Early Modern Cities in Comparative Perspective (conference)

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For more past programming from the Folger Institute, please see the article Folger Institute scholarly programs archive.

This was a September 2012 conference organized by Patricia Fortini Brown (Princeton University), Palmira Brummett (Brown University), Kathleen Lynch (The Folger Institute), Karen Newman (Brown University), Lena Cowen Orlin (Georgetown University), and Mariët Westermann (The Andrew W. Mellon Foundation). The conference was held from September 27 to September 29, 2012.

How does the space of a city function as the figure or ground of scholarship, and what difference does it make? Folger Institute faculty weekend seminars on early modern cities have fostered scholarly investigations of the ways conceptualizations of space are changing the focus in research and teaching. This conference drew on localized expertise for comparative discussion. Invited speakers addressed assertions of exceptionalism and claims to a classical heritage; identify features and causes of notions of “organic” cultures; trace the routes of global commerce and cultural encounter; and account for agents of growth and decline. Complementing the Folger exhibition on Open City: London, 1500-1700, the conference began with a case study of London and its scientific communities by Deborah E. Harkness (University of Southern California). A plenary lecture anchored each of the four fields of investigation: Public ceremony and empire with Linda A. Curcio-Nagy (University of Nevada, Reno); Intellectual communities and the print trade with Anthony Grafton (Princeton University); Trade and the dynamics of growth and decline with Jan de Vries (University of California at Berkeley); and Cultural intermediaries and go-betweens with E. Natalie Rothman (University of Toronto). Counter examples to the plenaries were given by Barbara Wisch, B. Deniz Calis-Kural, Leah Chang, Matthew Brown, Bernadette Andrea, Christopher C. Ebert, Florence C. Hsia, and Faith E. Beasley.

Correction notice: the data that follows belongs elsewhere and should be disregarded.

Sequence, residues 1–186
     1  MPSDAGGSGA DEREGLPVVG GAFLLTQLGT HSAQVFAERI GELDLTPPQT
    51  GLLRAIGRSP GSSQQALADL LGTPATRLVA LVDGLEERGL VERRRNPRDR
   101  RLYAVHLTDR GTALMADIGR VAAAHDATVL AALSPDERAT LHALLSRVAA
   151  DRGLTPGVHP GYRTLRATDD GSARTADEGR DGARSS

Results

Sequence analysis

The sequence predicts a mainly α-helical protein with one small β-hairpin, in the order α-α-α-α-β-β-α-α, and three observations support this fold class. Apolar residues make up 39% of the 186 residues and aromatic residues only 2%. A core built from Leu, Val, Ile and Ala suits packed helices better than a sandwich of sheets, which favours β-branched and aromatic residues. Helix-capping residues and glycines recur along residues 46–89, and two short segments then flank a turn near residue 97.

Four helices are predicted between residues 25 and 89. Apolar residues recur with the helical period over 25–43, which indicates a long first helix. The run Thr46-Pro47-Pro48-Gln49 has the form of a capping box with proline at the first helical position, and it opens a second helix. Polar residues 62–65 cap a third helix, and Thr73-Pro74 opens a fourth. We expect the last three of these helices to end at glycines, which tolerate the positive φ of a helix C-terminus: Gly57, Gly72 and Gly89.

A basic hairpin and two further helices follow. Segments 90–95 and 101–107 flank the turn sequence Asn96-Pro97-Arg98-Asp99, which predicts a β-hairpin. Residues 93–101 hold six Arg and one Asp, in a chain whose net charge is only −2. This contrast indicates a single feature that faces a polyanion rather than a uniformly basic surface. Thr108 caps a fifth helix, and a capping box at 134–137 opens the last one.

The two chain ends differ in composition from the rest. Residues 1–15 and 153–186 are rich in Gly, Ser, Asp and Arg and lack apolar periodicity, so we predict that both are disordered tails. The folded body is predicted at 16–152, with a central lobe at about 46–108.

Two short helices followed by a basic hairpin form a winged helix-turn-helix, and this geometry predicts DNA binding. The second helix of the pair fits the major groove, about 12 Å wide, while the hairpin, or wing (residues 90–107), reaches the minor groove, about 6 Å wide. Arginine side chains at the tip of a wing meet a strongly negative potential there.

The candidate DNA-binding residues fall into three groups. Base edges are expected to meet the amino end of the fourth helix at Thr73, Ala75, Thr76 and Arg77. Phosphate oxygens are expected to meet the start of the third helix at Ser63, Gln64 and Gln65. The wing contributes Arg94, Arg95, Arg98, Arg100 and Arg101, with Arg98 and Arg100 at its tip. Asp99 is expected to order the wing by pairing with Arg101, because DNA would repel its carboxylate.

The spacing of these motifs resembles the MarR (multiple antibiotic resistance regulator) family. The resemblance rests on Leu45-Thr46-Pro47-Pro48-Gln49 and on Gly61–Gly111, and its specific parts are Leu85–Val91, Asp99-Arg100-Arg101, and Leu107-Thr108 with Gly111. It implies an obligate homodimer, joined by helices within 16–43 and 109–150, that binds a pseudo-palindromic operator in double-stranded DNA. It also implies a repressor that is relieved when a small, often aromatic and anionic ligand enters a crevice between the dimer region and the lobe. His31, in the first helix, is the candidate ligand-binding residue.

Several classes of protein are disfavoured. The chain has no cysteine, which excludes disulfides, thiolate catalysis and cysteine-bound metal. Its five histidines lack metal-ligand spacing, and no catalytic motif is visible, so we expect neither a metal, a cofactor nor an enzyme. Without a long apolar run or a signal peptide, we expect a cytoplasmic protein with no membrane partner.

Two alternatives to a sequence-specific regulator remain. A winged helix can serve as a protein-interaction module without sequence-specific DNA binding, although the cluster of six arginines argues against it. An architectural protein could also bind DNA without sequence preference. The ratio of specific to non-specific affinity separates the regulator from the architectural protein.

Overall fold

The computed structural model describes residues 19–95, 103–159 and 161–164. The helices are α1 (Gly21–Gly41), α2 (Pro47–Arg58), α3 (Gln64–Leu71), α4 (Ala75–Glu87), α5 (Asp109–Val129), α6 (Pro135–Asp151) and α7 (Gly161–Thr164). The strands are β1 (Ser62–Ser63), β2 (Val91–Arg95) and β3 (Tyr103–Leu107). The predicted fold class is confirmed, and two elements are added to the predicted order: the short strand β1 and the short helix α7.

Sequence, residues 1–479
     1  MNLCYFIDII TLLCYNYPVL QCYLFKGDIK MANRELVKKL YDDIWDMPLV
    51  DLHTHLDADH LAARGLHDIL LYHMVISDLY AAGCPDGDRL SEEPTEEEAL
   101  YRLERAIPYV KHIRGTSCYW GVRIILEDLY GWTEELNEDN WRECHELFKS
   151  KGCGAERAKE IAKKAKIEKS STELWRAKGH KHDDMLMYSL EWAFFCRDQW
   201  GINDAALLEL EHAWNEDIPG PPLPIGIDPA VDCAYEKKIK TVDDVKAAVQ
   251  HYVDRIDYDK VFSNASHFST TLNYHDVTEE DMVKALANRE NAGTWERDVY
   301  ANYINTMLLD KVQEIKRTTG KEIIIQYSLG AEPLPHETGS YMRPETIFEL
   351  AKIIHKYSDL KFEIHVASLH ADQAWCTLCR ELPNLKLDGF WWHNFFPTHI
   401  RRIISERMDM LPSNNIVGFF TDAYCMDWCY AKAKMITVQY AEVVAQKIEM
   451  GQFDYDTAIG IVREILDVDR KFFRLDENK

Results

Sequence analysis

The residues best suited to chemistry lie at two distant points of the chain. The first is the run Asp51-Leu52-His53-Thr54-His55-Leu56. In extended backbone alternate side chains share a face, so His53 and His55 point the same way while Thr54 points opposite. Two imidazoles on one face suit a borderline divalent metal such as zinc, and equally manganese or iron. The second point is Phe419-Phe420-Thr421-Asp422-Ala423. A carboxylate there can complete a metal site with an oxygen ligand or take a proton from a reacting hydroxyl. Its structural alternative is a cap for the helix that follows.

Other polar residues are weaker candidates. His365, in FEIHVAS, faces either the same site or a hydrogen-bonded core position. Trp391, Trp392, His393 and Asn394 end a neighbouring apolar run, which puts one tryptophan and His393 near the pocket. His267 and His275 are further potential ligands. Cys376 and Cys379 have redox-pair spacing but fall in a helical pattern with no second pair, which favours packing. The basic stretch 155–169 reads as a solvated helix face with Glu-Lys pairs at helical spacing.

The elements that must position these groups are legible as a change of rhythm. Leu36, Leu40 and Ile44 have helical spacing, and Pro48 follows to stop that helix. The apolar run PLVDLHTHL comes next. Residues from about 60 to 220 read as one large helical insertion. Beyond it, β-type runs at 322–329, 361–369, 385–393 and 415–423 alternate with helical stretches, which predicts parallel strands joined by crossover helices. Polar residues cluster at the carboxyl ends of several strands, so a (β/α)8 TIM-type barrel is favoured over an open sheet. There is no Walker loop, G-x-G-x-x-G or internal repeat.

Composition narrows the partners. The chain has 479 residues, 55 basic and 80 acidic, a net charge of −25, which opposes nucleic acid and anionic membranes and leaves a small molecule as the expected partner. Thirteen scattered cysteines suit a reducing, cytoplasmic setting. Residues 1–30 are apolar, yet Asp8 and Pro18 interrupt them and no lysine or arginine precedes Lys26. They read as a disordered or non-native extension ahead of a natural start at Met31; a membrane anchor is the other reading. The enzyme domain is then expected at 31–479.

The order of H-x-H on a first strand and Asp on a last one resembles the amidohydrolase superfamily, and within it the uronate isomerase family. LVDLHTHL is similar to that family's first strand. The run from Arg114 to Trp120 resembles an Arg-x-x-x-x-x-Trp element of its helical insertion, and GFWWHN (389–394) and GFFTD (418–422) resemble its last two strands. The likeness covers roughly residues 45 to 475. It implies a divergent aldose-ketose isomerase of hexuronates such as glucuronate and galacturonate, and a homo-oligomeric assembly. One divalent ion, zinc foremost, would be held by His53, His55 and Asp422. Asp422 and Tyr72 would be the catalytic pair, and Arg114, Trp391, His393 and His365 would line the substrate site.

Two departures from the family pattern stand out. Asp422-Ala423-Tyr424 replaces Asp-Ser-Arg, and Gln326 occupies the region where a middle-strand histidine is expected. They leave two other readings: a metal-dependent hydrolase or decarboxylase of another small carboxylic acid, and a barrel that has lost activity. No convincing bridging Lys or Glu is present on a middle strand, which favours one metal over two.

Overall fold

Organizers: Patricia Fortini Brown (Princeton University), Palmira Brummett (Brown University), Kathleen Lynch (The Folger Institute), Karen Newman (Brown University), Lena Cowen Orlin (Georgetown University), and Mariët Westermann (The Andrew W. Mellon Foundation).